Agricultural activity is intensive in the region, on both Mexican and US sides of the border. The greatest impact from agriculture is a result of the channeling and disposal of sewer water that enters through various points on the north side, particularly into the Santa Clara marsh, the El Indio lagoon, and the main Colorado River channel. Nevertheless, results indicate that the levels of pollutants from the Mexicali and San Luis Rio Colorado valleys in Mexico and the Yuma valley in the United States are not alarming, even though they represent potential danger that should be taken into consideration. Even though the population density in the Reserve is not significant, annual growth rates of the population centers within the Reserve and the surrounding area are high, due to the intensive tourist activity that is beginning to take hold in the region. This is producing an increase in the number of human settlements, particularly from Golfo de Santa Clara in San Luis Río Colorado, to the Choya Bay in Port Peñasco and to the north, to San Felipe in the Mexicali municipality. This situation must be considered in the planning and control of impacts from contamination. Existing pressures indicate that the demand for water will increase, and so will the generation of wastes and wastewater. The tendency will be toward less water and less water quality. Existing pressures indicate a declining tendency.

Habitat

  • Extent and Distribution

    Question

    To what extent does habitat alteration, including the extent and distribution of major habitat types, affect ecosystem health, and how is it changing?

    Why This Score?

    Selected habitat loss or alteration has taken place, precluding full development of living resources assemblages, but it is unlikely to cause substantial or persistent degradation in living resources or water quality.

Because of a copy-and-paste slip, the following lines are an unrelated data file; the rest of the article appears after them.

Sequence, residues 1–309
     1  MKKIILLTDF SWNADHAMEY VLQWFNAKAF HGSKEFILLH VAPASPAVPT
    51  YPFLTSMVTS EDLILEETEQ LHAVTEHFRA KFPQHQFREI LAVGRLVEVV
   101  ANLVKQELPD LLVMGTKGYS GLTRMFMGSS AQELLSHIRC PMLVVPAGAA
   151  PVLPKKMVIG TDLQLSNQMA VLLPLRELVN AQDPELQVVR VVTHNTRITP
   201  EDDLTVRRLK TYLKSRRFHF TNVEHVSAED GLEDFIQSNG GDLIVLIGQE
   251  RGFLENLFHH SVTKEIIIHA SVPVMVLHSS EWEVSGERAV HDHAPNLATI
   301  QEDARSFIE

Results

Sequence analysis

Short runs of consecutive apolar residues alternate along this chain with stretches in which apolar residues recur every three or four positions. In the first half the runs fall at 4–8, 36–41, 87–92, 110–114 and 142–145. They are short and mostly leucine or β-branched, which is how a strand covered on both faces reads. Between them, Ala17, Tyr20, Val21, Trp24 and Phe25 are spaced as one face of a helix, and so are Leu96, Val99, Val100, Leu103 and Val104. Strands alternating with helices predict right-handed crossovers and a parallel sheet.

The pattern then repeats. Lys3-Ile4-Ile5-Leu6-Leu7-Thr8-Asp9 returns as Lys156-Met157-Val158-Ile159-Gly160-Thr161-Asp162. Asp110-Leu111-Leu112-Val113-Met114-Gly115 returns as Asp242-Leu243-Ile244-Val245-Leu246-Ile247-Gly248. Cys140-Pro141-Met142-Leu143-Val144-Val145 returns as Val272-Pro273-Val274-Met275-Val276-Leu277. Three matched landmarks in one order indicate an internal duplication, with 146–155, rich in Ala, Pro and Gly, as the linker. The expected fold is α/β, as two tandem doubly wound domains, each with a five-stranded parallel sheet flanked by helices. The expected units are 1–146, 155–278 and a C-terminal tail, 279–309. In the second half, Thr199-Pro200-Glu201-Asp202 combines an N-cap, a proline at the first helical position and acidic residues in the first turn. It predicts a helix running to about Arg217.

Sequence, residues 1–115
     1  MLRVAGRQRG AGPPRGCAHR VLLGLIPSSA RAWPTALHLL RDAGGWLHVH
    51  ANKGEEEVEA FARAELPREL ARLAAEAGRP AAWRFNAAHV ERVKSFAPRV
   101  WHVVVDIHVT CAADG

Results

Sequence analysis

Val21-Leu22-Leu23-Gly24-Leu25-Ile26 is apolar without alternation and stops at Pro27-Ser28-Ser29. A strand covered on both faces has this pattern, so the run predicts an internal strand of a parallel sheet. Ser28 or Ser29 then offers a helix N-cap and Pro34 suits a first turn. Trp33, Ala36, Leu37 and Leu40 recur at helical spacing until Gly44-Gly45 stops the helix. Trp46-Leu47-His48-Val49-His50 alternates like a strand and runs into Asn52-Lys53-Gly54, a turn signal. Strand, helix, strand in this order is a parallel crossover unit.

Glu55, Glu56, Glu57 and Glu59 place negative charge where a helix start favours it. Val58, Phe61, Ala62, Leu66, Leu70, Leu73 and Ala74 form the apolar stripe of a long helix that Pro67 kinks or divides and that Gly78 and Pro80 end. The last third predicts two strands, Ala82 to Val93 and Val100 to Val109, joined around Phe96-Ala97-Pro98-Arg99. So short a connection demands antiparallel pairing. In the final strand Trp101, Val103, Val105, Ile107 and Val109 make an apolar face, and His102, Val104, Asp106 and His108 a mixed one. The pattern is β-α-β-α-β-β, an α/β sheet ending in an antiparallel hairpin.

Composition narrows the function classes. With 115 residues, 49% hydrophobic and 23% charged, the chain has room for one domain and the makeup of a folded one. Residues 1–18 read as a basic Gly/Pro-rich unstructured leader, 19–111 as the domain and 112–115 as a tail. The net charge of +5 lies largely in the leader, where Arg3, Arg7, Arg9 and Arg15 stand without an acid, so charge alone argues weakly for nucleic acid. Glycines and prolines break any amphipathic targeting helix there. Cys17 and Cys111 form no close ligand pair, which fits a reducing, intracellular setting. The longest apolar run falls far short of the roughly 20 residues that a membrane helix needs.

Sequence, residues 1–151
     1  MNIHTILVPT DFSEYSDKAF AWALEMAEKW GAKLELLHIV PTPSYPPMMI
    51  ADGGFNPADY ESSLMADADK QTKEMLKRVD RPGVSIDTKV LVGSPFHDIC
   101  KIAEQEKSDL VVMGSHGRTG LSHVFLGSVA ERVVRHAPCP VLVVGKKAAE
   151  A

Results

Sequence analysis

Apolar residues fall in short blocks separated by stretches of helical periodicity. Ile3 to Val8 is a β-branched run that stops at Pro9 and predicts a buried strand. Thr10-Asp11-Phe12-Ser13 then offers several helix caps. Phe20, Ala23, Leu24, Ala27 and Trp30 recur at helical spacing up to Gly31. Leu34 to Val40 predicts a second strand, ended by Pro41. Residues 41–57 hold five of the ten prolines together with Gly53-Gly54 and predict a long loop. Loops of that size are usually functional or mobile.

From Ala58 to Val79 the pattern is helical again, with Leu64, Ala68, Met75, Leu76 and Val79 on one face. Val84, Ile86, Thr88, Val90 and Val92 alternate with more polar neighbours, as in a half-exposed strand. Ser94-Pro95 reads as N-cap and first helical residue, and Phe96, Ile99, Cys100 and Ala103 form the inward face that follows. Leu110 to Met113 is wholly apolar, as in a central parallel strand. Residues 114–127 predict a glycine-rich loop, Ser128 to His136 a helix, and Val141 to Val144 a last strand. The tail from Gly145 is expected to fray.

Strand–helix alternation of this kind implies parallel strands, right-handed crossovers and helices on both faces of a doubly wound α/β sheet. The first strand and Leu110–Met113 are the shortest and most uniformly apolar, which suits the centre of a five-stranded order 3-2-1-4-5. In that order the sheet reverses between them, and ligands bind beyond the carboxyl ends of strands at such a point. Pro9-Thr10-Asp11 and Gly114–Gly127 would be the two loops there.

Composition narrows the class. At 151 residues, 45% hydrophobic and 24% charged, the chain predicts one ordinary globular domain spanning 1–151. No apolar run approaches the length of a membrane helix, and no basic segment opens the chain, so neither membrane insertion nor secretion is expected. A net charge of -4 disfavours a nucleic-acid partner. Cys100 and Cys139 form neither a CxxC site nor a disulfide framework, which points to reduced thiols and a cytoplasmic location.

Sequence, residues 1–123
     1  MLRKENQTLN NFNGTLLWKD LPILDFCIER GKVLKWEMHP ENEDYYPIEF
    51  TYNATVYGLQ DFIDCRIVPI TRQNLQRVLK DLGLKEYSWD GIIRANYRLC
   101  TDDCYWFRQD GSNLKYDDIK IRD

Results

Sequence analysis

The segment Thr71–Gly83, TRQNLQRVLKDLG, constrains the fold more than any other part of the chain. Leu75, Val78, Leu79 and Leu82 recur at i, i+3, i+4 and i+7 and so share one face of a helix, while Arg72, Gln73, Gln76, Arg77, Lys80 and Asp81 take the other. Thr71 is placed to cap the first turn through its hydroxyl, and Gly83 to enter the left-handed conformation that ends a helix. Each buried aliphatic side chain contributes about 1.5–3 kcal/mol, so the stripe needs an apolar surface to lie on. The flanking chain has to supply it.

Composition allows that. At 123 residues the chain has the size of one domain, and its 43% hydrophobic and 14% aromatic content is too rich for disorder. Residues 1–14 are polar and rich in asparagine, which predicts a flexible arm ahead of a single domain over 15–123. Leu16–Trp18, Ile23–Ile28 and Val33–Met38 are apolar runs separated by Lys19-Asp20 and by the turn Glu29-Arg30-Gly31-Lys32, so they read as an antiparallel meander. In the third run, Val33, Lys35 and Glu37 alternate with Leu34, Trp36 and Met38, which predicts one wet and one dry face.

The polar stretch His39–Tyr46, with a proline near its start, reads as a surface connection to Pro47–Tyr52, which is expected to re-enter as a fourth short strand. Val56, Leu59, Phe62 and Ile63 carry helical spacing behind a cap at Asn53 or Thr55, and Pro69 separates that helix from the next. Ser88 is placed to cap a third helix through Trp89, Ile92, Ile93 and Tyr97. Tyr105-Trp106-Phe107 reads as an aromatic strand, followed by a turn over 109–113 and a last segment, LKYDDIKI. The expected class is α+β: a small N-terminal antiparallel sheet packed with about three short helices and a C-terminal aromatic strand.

Basis of Judgement

    The retention of Colorado River waters, through the existing system of dams all along the watershed on the US side of the border, caused a drastic decrease in water in the Colorado River Delta wetlands area in Mexico. The original conditions of the wetlands changed as a result, and the same happened to other environments with a high diversity of flora and fauna in the region. Nevertheless, the ecosystem appears to have stabilized, intermittently receiving water—unlike the historic seasonal system, and with a minimal volume of freshwater. This was a change that was not expected in the medium-term. These impacts modified the landscape and the habitats of migratory birds. Some endemic bird species were lost. In the wetlands that still remain, such as the Santa Clara marsh and the riparian corridor, there is still significant activity from migratory aquatic birds that use the area for rest and reproduction. In the marine habitat, major fishing activity has characterized the Upper Gulf region. The most significant has been shrimp fishing with trawl nets and gill nets. The trawling system used for decades by the largest shrimp fleet has significantly altered biotic conditions at the sea bottom. There is empirical evidence of changes in the composition of the benthonic ichthyofauna. There is also evidence of the importance of freshwater in the Colorado River estuary, which when combined with Upper Gulf tides, has a positive effect on fishing, especially shrimp fishing. Although major Upper Gulf productivity has remained stable due to upwellings, salinity has been modified, and this affects eurihaline species, particularly the shrimp’s reproductive cycle. Also, sediments accumulate due to the effect from the tides. Fishermen are convinced that every time the Colorado River rises and reaches the sea, there is a considerable effect on the reproduction and breeding of commercial species. This is congruent with data obtained from shrimp fishing, with repercussions for the entire food chain.